The Republican town board candidates received some negative attention in the weeks leading up to elections in response to their comments on motocross. While Rash and Zeh took a neutral stance, declining to comment either way on whether or not a commercial motocross track may or may not be appropriate for Westerlo, Bylsma made reference to the disturbance created by a drag strip in New Hampshire, by which he and his friends observed the windows rattling from five miles away. Smith then said outright that Westerlo is the wrong place for commercial motocross.
The week before elections, a sign was posted on the Shavers’ Route 85 property that announced their support of incumbent Democratic councilmen Zeh and Rash in their campaign for town board. The Shavers took the sign down soon after it was put up because they were advised to do so, Doyle Shaver said. He would not, however, reveal who made the recommendation.
Manure affects water
Every spring, the Alcove Reservoir, a source of water for the city of Albany, is at risk of being contaminated by manure, carried by snowmelt and stormwater that originates on Hilltown farms.
Vito Abate, 76, owns one of those farms, on Route 411 in Westerlo.
During the spring thaw, the melted snow on Abate’s property floods into his barn, where cow manure has frozen and accumulated during the chill that has just ended. That contaminated water eventually flows behind his property, where it mixes with the Silver Creek, a tributary to the Alcove Reservoir.
This problem was aggravated, Abate said, when two of his neighbors, whose properties are uphill from his, built paved driveways, which caused the snowmelt from their land to flow downhill, and onto Abate’s property, both through the culvert pipe under the road and down his driveway, he said.
Abate took the issue to the town board earlier this year, but, since the problem exists on a county road, the board was unable to act.
The Albany County Department of Public Works considered diverting the water flow by constructing paths on either side of the road that would lead the water away from the path to his barn, but Commissioner Michael Franchini said that the money for the project isn’t there.
The piece of State Health Department law that protects the water supply from contaminants was enacted in 1929, said Joe Arabski, who manages the Alcove and Basic reservoirs for the City of Albany Department of Water. Arabski is a Westerlo resident himself.
“The violation that [Abate] has with the city of Albany and his manure storage only happens in the spring,” Arabski told The Enterprise in February. In the springtime, manure contaminating the reservoir is an issue, Arabski said, “but, after the spring, there’s no problem there.”
Arabski went on to say that the trace amounts of cow manure flowing into the reservoir are “a concern, and it needs to be addressed. But, on a scale of one to 10, this is a nagging two or three that’s always there in the spring.”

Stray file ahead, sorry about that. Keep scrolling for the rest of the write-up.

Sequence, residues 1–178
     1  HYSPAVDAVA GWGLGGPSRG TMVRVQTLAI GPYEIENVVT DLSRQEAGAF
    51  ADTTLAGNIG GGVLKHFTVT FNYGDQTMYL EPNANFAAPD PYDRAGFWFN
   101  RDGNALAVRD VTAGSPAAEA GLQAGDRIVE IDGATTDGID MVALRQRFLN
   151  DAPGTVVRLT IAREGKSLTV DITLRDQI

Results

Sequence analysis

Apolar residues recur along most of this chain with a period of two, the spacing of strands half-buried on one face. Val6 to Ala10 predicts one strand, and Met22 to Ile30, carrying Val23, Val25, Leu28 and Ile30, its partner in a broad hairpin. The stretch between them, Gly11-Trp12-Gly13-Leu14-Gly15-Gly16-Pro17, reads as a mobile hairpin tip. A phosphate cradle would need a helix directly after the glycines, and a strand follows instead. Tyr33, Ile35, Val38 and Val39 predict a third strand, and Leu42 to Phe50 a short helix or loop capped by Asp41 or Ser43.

A farm management plan was developed for Abate by the Soil and Water Conservation District and the Natural Resources Conservation Service in the late 1980s, according to Field Manager Joseph Slezak of the Conservation District.
“One of [the implemented practices] was to take the water from the culvert and put it through a grass waterway, or a ditch, which would take the water through his farmstead in a confined manner, but he was supposed to maintain it, because, obviously, things deteriorate,” Slezak said in February. “But, he should have put up a fence to keep the cattle out of the waterway, and he should not have driven through it with his tractor, which both deteriorated the waterway.”
The problem remains unsolved.
Bus for seniors
With help from the neighboring town of Rensselaerville, Westerlo now has a transportation system in place for its elderly and disabled residents.
At its June meeting, the Rensselaerville Town Board accepted terms for a shared-service agreement, drawn up by Attorney Joseph Catalano, to share the town’s senior bus with Westerlo.
Bus services for Westerlo are limited to seniors and disabled persons, as they are defined in the Social Services Law, and their aides. The law makes reference to the elderly as being 65 or older.
Westerlo will reimburse Rensselaerville for 53 cents per mile for Rensselaerville’s regularly scheduled shopping trips on Tuesdays and Thursdays, and for any other joint uses. For trips involving only Westerlo residents, Westerlo will reimburse Rensselaerville $1.06 per mile. These figures are subject to change in January of 2010.
Finally, the town of Westerlo will limit bus use to $5,000 in reimbursements about 4,717 miles for the fiscal year, and will be billed on a monthly basis.